Popovich s odd alliance with red state fans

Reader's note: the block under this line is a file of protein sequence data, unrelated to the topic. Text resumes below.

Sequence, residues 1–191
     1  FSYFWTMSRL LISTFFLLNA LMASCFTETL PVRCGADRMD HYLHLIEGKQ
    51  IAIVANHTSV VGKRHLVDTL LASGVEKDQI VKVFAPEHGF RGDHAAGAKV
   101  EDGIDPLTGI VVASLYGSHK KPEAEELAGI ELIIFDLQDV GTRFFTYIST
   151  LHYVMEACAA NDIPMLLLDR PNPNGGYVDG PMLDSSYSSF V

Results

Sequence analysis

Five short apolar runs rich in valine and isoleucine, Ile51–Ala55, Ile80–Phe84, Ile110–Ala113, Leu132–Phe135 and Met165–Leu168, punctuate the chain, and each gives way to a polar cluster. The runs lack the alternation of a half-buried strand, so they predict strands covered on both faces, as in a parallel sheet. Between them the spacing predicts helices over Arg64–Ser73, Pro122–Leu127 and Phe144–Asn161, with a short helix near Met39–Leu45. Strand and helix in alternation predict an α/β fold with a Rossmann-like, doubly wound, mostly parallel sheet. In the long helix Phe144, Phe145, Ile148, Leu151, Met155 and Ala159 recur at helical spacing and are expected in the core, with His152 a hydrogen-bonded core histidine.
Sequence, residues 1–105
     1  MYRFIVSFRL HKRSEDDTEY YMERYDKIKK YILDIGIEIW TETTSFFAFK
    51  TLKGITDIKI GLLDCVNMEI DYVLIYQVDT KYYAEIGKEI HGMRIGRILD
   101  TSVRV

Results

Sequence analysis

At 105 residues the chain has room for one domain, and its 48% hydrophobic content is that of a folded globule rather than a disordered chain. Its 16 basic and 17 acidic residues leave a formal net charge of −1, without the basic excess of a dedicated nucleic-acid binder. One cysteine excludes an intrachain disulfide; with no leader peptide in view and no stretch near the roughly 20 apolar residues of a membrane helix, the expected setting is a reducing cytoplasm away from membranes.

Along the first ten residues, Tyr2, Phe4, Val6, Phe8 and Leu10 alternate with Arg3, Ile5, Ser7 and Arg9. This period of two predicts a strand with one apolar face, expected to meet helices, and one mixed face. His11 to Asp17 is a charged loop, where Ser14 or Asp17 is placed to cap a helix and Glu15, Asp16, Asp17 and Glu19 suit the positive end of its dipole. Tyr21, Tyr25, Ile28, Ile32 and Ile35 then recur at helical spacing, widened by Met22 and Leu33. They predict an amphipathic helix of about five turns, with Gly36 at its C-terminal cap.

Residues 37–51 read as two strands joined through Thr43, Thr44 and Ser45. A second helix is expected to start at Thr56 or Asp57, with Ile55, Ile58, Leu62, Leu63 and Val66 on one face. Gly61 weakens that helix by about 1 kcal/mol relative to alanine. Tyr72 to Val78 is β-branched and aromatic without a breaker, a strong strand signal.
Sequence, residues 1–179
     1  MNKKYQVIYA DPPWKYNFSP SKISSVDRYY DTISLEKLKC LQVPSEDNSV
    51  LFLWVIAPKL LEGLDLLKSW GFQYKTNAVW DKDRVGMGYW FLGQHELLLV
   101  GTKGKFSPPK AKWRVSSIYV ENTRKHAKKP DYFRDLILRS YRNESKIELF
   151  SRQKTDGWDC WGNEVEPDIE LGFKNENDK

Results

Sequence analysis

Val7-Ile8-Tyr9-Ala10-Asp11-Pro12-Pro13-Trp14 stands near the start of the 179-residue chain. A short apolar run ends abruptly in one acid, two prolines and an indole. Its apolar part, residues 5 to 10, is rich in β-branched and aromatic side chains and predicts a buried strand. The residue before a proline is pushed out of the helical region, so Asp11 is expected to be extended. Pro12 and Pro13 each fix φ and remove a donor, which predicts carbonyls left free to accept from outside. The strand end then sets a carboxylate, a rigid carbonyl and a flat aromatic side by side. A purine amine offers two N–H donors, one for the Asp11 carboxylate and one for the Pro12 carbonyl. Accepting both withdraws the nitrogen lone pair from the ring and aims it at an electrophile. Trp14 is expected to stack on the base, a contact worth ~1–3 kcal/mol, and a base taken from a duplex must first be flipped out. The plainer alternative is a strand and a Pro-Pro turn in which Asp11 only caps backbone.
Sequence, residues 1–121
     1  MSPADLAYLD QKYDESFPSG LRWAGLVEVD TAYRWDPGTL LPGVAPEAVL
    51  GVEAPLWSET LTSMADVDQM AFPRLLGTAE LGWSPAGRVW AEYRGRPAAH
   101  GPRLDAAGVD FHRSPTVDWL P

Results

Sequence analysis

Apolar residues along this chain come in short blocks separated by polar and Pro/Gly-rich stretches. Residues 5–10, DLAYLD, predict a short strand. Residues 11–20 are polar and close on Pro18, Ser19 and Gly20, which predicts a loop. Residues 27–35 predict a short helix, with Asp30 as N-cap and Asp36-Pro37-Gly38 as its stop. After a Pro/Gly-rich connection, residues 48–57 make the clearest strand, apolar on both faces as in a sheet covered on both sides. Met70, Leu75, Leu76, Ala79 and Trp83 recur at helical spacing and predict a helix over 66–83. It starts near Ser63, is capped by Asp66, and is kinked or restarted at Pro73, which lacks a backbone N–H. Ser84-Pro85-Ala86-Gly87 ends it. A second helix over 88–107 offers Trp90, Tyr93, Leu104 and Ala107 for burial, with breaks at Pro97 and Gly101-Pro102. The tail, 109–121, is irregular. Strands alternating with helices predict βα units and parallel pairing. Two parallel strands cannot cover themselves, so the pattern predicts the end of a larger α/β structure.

By Shaun Powell, NBA.com SAN ANTONIO -- About 400 people gathered at the Oak Hills Country Club in June 2016 and paid $500 to $250,000 to sip iced tea and nibble hors d’oeuvres next to a golf course designed by noted architect AW Tillinghast, who built many. One is owned by the man who was feted at this political fundraiser, Donald J. Trump. The presidential campaign was in full blast and saltier than the crackers on the cheese plate being passed around. Fresh off the plane, Trump thanked the Republicans for the big ‘ole Texas welcome, witnesses say, before launching a blistering attack on the usual targets: Hillary Clinton, Barack Obama, illegal immigration. Then, near the end of his 30-minute lunchtime appearance, in an effort to connect with the locals, he pivoted and mentioned perhaps the most famous man in town: Gregg Popovich. Witnesses say Trump called Popovich “a great coach” and said “he does a good job” and then there was some fidgeting in the room when the soon-to-be polarizing leader of the free world said this: “I don’t know if the coach is on my side.” Confirmation came emphatically, right after Trump won a divisive election that November. The coach of the Spurs lit into the President over the next several months with a handful of rants that had the stealth of Kawhi Leonard ambushing a timid ball-handler. In no particular order, here were Pop’s Greatest Hits, all issued through the media and without prompting or provocation: “The disgusting tenure and tone and all the comments … have been xenophobic, homophobic, racist, misogynistic. I live in a country where half the people ignored that to elect someone.” And: “He is in charge of our country. That’s disgusting.” And: “The man in the Oval Office is a soulless coward who thinks he can only become large by belittling others.” And: “We have a pathological liar in the White House ... You can’t believe anything that comes out of his mouth.” Popovich didn’t stop there with a President whose sensitivity and intelligence he questioned and accused of being guilty of “gratuitous fear-mongering.” When he took Trump to task for criticizing NFL players who knelt during the National Anthem and defended their rights to do so, Popovich also suspected a measure of the public outrage was racially motivated. “Our country is an embarrassment to the world,” he said. A 68-year-old wealthy white man, therefore, became a sports voice with weight in the political and social justice arena, where the NBA league office has greenlighted players and coaches to speak up. Popovich has done so with clarity and insight to gain national applause in certain corners. He wasn’t the first or the last in sports to verbally spank the president or tackle right-leaning sensitivities, yet he’s certainly the most unique in one respect. As a graduate of the Air Force Academy who works in a military town, and a five-time NBA champion coach who might symbolize the city more than The Alamo, Popovich has long been elevated to icon status, perhaps permanently so, in San Antonio, where folks are mad about the Spurs. Still, this is mostly conservative Texas, one of the most Republican of states based on the state legislature and the congressional delegation, a state that voted Republican in 10 straight presidential elections and saw 52.6 percent of voters punch for Trump. While voters in San Antonio-proper lean liberal, the surrounding areas swing solidly the opposite. Julianna Holt, the Spurs CEO and Popovich’s boss since March after assuming the position held for 20 years by her husband Peter, supported various Republican presidential candidates before eventually donating $5,400 to Trump’s campaign and $250,000 to the Trump Victory Fund, according to Federal Election Commission records. Popovich is therefore a blue blood in a red state and the contrast makes for strange if not uncomfortable alliance between a beloved coach and a group of conflicted Spurs worshippers. His views have in fact shattered the sacrilege by generating hostility from a segment of the basketball flock, something no coach with his credentials would ever feel. The constant winning and acts of charity do not insulate him from those who would prefer Popovich stuff a sweat sock in his bullhorn. Party lines not Popovich's focus “While we all believe Gregg Popovich has the right to his opinions, where was Popovich when Hillary called half of us a 'basket of deplorables?’Many were Spurs fans who are now tired of being insulted ... many of us will never pay to see a Spurs game again.” -- Donna Howington  “The money I will save this year not attending Spurs games should buy me a nice set of golf clubs. Thanks Pop!” -- Jake Ingorgia  “I will never watch them again until Popovich is gone. He is just like all the other leftist celebrities.” -- Lee Harbach, Bulverde They arrive on cue, most from the dusty towns that orbit around San Antonio, some from the city itself. Popovich has unloaded three times this year on Trump, once after the election, once at the start of training camp and most recently by cold-calling Dave Zirin, a friend and liberal writer from The Nation, a progressive magazine. And each time, the letters land in the office of Ricardo Pimentel, the editor who coordinates the comments section of the Express-News, San Antonio’s newspaper of record. “It’s a cycle,” says Pimental, with a sigh. “He speaks out. People who disagree with him send us letters to the editor, then people who object to their disagreement write us letters to the editor defending Pop. Then they respond to one another.” The initial reaction, he said, is always stacked against Popovich and many identify themselves as Spurs fans ripping up their tickets or promising to never attend or watch games again. Even if those who made threats actually carried them out, the change in the Spurs’ home attendance is a blip, from 99.2 percent capacity last season to 98.6 so far this season. Popovich, of course, has been big for business since his first full season as coach in 1997-98. Besides the titles, the Spurs have reached the playoffs every season and won 50 games every season (except for the lockout-shortened 50-game 1998-99 campaign, when they won 37). In short, Popovich's Spurs have a track record beyond reproach in the NBA. If the 2017-18 Spurs stay on pace, it’ll be 20 straight winning seasons for Popovich, one more than Phil Jackson for the all-time NBA record. He hasn’t been this politically vocal until lately, due to Trump, yet was always politically aware, say those who know him. Well-versed through his readings and observations, Popovich welcomes discussion with acquaintences about classism, leadership, government and preferably over a bottle of wine. His two-decades exposure to young black men from humble beginnings raised his awareness and sensitivities about race and bias. Golden State Warriors coach Steve Kerr once played for the Spurs and lately has echoed many of the same thoughts as Popovich. But Kerr coaches in the Bay Area, where folks nod their heads in agreement. Kerr said he can only imagine the flak Popovich catches in Texas. “Here’s this iconic coach who stands for everything that’s right and for honor and integrity, he served in the military, you see him stand at attention for the American flag — man, Pop loves his country,” Kerr said. “And in the middle of Texas for him to be questioning the Republican President, some of the people down there are probably confused. Like, 'I don’t get it, we love this guy but he’s on the other side from us.' “What I love about Pop is that it’s not about party, not about politics. It’s about integrity and character and that’s what people need to pay attention to. It’s not about some policy, not about how much we pay in taxes. If we can just get back to the point where character matters, then we’ll be in better shape. The problem is, it’s clear character has gone down the tubes in many leadership positions in our country. That’s what Pop is calling out.” True enough, Popovich never publicly attached himself to a political party; to suggest he is against Republicans might be as misleading as believing Colin Kaepernick is against the military. When he played for Popovich, Kerr couldn’t recall a time when the coach was this annoyed by the country’s leadership. “The country was in a better place in terms of a relatively peaceful time back then,” Kerr said. “Yes, 9-11 happened and the whole world changed. But we didn’t have quite the same partisan nature, not only in politics but the national conversation. And so people could just admire Pop for who he was and people might not have been aware of his political leanings because they didn’t ask. When we won and went to the White House, Pop and the team went when Bush was in office. We went in ’99 when President Clinton was there. Republican, Democrat, didn’t matter. The times are so different now.” Kerr laughed quickly when asked about the semi-serious groundswell of social media support for a Kerr-Popovich ticket in 2020. Kerr said he hopes to be on his fifth NBA title as a coach then, but turned semi-serious about Popovich. “Our country needs somebody like Pop who can actually lead and unite from a position of authority and credibility,” Kerr said. “This guy served in the military, grew up in a melting pot, understands leadership. More than anything, he’ll cut through all the [expletive].” Since going nuclear on Trump, Popovich declined invites from the national political shows (and wouldn’t comment for this story). That proves what friends have maintained all along: Popovich doesn’t want to be anyone’s political hero or pundit. He’d rather speak when the moment calls for it, then be left alone. That last part is tricky, though. Empathy often marks Popovich's way “Can you imagine being Republican on the Spurs? Would you feel welcome? He’s like Berkeley -- for free speech unless you disagree with him. Shut up and coach, Gregg.” -- Shannon Deason  “When it comes to coaching basketball or drinking wine, Popovich has experience. When it comes to our country, his opinion is no better than anyone else’s." -- Harold Siemens, Seguin  “Open letter to the NBA referee who ejected Pop from the Warriors-Spurs game: Don’t feel bad about what Gregg Popovich called you. He called the POTUS worse and got away with it.” -- Larry Peabody Once the wheels touched down, the pilot jokingly announced over the loudspeaker: “Welcome to Gregg Popovich International Airport,” and one particular passenger noticed that nobody on the plane thought it was strange. Sean Elliott always knew how deeply rooted Popovich is with San Antonio. Aside from the famous Spanish missions and the River Walk, the city is known for the only professional sports team in town. And while George Gervin, David Robinson and Tim Duncan have come and gone, the one lingering reminder is a sometimes gruff and scruffy coach, maybe the NBA’s best ever. “He’s one of the pillars of the community,” said Elliott, twice an All-Star with the Spurs. “He’s looked at with great admiration. He is as respected as anyone who has ever lived in or been part of the city. It’s not just because he’s a basketball coach. Pop has been a big part of the community, huge contributor to charitable functions, good leader.” Elliott was a Spurs rookie in 1989 when their relationship began and he saw the start of Popovich’s reach in the region. Popovich then was an assistant coach under Larry Brown and just planting his feet in the NBA. That summer, Elliott and Popovich piled into a van with the team's "Coyote" mascot and conducted basketball clinics in San Marcos, Corpus Christi, Laredo and similar places. They were signing autographs in malls and running kids through drills in 100 degree heat, never hearing a complaint from the coach. Elliott said folks in those small conservative towns loved him. “If you sit and hear him talk about something, you tend to agree with him,” Elliott said. “He’ll put it in a logical way and he’s very thoughtful, well read and super intelligent, maybe the most intelligent person I’ve ever known.” The owner of the Spurs then was Red McCombs, a homespun Texan who made his fortune in car dealerships and media companies. McCombs didn’t give Popovich the coaching job after firing Brown, telling Popovich “you’ve got a chance to be a great coach” if he got more experience, which he did, going to the Warriors to work for Don Nelson. Popovich returned to San Antonio two years later as general manager, then became coach and the rest is history. Now 90, McCombs said: “Popovich has become the distinguished part of the franchise. He wears it well. Can’t say enough about what kind of man he is and what he’s meant to San Antonio. God has blessed us with Gregg Popovich.” McCombs loves to tell how Popovich, by chance, learned that a local family needed a car. The coach wrote a check, gave it to the father and walked away. McCombs said it was “typical Popovich” who has empathy for those with less. McCombs, curiously, has traditionally been one of the biggest Republican bankrollers in the state, who gave to the Trump campaign and is fully aware of what Popovich thinks of his choice for President. And so one of the most powerful men in Central Texas, who leans politically to the color of his nickname, had a strong reaction to that. “He’s earned the right to give his comments about citizenship or Trump or anything else,” said McCombs, voice rising. “Yes, he made some statements that others might disagree with. But I’ll tell you this: Popovich would be elected to anything he wants to in San Antonio.” Remaining silent never an option “Our country is not an embarrassment to the world. I will tell you what an embarrassment is. It is an American citizen who got a free education from the great Air Force Academy ... and then has the audacity to say that the greatest nation in the world is an embarrassment because the President rightly demands that Americans stand for the anthem. Popovich should be ashamed of himself.” -- Nick DeLouis, Fair Oaks Ranch  “Nowhere on God’s green Earth do they have the right to disrespect our flag and the men and women who died to keep us free. I’m appalled that you stooped so low to join in that disrespect. Shame on you!” -- Fred Martin, Fair Oaks Ranch  “Coach Pop has squashed my love and enthusiasm for the team. A national treasure, he is not. Coach Pop has a voice, but not my voice." -- Jo Ivan A few years ago Popovich was in New York with his daughter to catch a Broadway play when the coach had a last minute change in strategy. He learned that John Carlos was giving a lecture at New York University that night. So Popovich told his daughter to take one of her friends instead; said he was going to see “Dr. Carlos” speak. “When he came in I was surprised and delighted,” Carlos said recently. “Quite naturally, everyone knew who he was but he just wanted to sit and listen.” A year later, in 2015, Popovich flew Carlos to San Antonio to address the team and Carlos admitted to being star struck around Tim Duncan and others. Yet Carlos was most curious about Popovich and why the coach took a strong interest in an Olympic sprinter who raised a fist on the victory stand in 1968, which is frozen as an iconic civil rights moment. “Being with the Spurs gave me an opportunity to check his character out,” Carlos said. “I knew he was a whiz at putting players together to bring out their best ability. But through my conversations with him it became apparent that he was a social activist himself at one point in his life. He was teaching his players about activism and to be concerned about their fellow man and what was going on around their lives, not just basketball. “I was impressed. He just wanted them to know they had a larger role than just playing basketball in the society in which they live.” Carlos, therefore, was not surprised to see Popovich defend the rights of kneeling black football players who came under attack from Trump. On the first day of training camp in September, Popovich said: “Obviously race is the elephant in the room and we all understand that. Unless it is talked about constantly it is not going to get better.” What followed was another swirl of exchanges between Popovich critics and supporters in San Antonio, and Popovich acknowledged receiving mail from both sides. The anti-Pop mail, though, was jarring to Carlos, given the coach’s work in town. “When people write and lambast him for taking leaders to task for what they’re doing to society, that’s like water rolling off a duck’s back, man,” Carlos said. “When they write negative things about him, it encourages him to keep doing what he’s doing. Those people are the problem. Go ahead and throw stones and it just motivates him to do his job. “Look, I’m a black man who spoke out. Imagine what they think of him as a white man who speaks just as strong, to try and get people to see things in a better light? They throw stones at him even more, like, 'Hey you’re white, you have a great life. Keep your mouth shut.’ Well, God points people in certain directions. We know who we are. We do what we do.” And what Popovich does is enlist the help of giants in the social justice world and bring them into his world. He did that with Cornel West, the Harvard professor and civil rights activist, last fall. Popovich invited West to San Antonio to speak at an East Side community center with a few hundred mostly black and Latino students and their parents. Done without TV cameras or media invitation, the discussion was about the importance of education, the imperfect world, self respect and how to help communities. This was an audience that, presumably and unanimously, connected with a white man who didn’t live among them, but was with them. They were the people Popovich had in mind when he attacked present leadership. This was not the audience that writes to the Spurs and the Express-News asking him to take a vow of silence, though he is aware of them, too. “Some responses make you wonder what country you live in,” Popovich said, “and other responses make you very hopeful … overall, it renews my feeling that something must be done because there is enough people willing to listen.” Veteran NBA writer Shaun Powell has worked for newspapers and other publications for more than 25 years. You can e-mail him here or follow him on Twitter. The views on this page do not necessarily reflect the views of the NBA, its clubs or Turner Broadcasting. .....»»